If you would like to look at the tax implications regarding your pension situation we would be happy to carry out a review for you.

National Insurance Myth Exploded

The myth regarding how to treat both employers’ and employees’ national insurance (NI) as regards car allowance payments has been destroyed following HMRC’s two recent court defeats. Importantly, HMRC will not be appealing against those rulings.

Some businesses pay their employees a car allowance on top of their salary, to cover the overall running costs for their own car.

This allowance would normally be put through the payroll on a monthly or weekly basis. HMRC’s historical position has been that this allowance is earnings and therefore the whole amount should be liable to NI.

The courts have disagreed with this long-held view. Where an individual does business mileage, NI relief should be given against part or all of the car allowance. The NI relief calculation should be based on a 45 pence per mile rate.

Researching the national insurance myth surrounding car payments allowance

For example

  • Ollie uses his own car for business purposes.
  • His employer, Blades Ltd, pays him a car allowance of £4,000 on top of his annual salary of £35,000.
  • In this particular tax year, Ollie does 3,000 recorded business miles. Blade Ltd does not reimburse him for any business mileage.
  • £1,350 (3,000 business miles x 45p) of his £4,000 car allowance should attract NI relief.
  • The effective NI relief would be £135 (employees NI) and £186.30 (employers NI).
  • If Blade Ltd had paid Ollie a mileage allowance of 12 pence per mile the NI relief would have been on £990 of the car allowance (3,000 business miles x 33p (45p – 12p)).

Following HMRC’s defeat, it may be possible for affected employers and employees to make an NI refund claim going back up to 6 tax years.

However, HMRC may want to see that a bona fide car allowance arrangement was in place at the time and the business mileage records can substantiate the claim.

Going forward, if the business pays an employee a car allowance, they will need to ensure that when running the payroll, it takes account of the NI relief for the business mileage carried out during that pay period. 


If you believe you may be entitled to an NI refund for past years off the back of the court ruling or you are worried about how to apply the NI relief through the payroll going forward please do not hesitate to contact us.

Status Refunds Or Offsets?

In broad terms, since April 2017 as regards public sector bodies, and since April 2020 in respect of medium or large private sector businesses, where they ‘contract out’ work to a personal services company (PSC), they run the risk of HMRC arguing that the individual carrying out the work is actually deemed to be a worker/employee of theirs and not that of the PSC. This is known as falling foul of the IR35 rules.

Presently when reaching a settlement with HMRC the deemed employer cannot offset the tax and national insurance which might already have been paid over to the tax man by the PSC or worker, such as corporation tax, employment taxes, or tax on dividend income.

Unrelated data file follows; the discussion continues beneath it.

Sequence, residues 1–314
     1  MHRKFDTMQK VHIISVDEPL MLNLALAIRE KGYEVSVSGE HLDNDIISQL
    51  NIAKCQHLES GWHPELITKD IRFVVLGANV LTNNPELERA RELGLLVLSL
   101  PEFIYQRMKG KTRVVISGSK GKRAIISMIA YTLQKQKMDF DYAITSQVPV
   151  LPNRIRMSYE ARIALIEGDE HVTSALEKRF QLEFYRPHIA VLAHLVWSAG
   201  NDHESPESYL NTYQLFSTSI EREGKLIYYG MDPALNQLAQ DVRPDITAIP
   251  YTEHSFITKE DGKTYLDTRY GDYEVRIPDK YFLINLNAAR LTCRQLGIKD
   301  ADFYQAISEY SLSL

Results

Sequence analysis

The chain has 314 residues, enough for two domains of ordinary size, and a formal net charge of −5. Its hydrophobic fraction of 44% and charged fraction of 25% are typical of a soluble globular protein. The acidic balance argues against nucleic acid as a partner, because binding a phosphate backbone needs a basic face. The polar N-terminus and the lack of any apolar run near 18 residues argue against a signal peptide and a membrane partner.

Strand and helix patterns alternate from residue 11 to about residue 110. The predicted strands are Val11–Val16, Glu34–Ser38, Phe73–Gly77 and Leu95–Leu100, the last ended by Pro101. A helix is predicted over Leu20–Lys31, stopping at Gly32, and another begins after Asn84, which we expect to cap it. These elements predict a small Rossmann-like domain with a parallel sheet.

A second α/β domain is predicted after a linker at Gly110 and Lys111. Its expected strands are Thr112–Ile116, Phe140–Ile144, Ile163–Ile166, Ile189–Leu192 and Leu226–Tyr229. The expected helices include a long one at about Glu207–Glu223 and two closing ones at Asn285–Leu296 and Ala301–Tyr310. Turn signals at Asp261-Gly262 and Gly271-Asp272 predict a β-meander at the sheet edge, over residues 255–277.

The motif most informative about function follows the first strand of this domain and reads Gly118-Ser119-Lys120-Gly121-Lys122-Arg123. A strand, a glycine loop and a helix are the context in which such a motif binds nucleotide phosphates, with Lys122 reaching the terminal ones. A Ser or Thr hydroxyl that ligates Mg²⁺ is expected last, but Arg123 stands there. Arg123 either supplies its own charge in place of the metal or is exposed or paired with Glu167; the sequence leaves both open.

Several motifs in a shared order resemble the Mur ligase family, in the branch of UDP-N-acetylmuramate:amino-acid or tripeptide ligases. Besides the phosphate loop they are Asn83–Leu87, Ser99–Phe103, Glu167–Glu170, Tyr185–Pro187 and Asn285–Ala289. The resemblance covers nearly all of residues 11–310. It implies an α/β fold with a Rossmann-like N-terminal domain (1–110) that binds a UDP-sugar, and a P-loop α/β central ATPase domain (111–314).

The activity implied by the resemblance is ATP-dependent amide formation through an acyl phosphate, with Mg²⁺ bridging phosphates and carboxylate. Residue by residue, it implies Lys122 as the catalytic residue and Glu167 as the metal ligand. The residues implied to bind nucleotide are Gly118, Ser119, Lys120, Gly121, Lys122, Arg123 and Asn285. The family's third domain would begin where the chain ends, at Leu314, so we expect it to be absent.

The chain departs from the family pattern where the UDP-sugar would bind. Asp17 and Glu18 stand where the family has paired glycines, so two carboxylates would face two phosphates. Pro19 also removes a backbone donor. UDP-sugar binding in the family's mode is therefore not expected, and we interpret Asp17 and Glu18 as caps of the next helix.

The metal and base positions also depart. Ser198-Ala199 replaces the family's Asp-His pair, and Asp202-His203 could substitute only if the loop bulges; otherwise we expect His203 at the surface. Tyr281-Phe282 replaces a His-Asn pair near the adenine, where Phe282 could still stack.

A discussion about saving and paying less tax through refunds and offests

For example:

  • In May 2020, Rudge Ltd engaged a PSC, James Wilson Ltd to carry out some work for them.
  • Out of the income paid across to the PSC, James Wilson Ltd and James Wilson himself suffered tax amounting to £18,000.
  • HMRC opened an enquiry on Rudge Ltd on the grounds that the true relationship between that company and the individual, James Wilson was one of an employer/employee.
  • In December 2023, Rudge Ltd accepted they were caught by the IR35 rules and reached a settlement of £25,000 with HMRC which covered their tax and that of the PSC/worker.
  • Under the present rules the £18,000 incurred by the PSC/worker is not set off against the £25,000 owed by Rudge Ltd.

This would seem to be an unfair situation. The 2023 Autumn Statement has tried to rectify this matter. Settlements finalised after 5th April 2024 will result in the PSC/worker’s tax already incurred being offset against the deemed employer’s liability. So in the case of Rudge Ltd, it would only need to pay £7,000 as opposed to £25,000.

Going forward, therefore, the situation has now been clarified. However what about the HMRC settlements which have been reached with the deemed employer between April 2017 and April 2024? Both they and the PSC/worker have suffered tax and possibly NI on the same income.

It has been agreed that income should not be taxed twice. Therefore, as HMRC has taxed the deemed employer on the full amount, the PSC/worker should be refunded the tax and NI they have suffered. Back in 2022, the Department for Work & Pensions set aside £88 million for these refunds to be made once HMRC notified the relevant taxpayers of their entitlement to it. Upon receipt of a freedom of information request back in 2023, the Revenue admitted that they had not yet informed anybody of that right to a refund. Could you be one of those taxpayers? 


If you are a business in the throes of agreeing an IR35 settlement with HMRC, reach an agreement with them to delay the finalisation of it until after 5th April 2024 to obtain the offset. If you are a PSC/worker who feels they may entitled to a refund, please contact us and we can look into it for you.


Read our article about “How to save corporation tax in the UK”.

But if you are interested in Personal Tax savings, you can find out more here.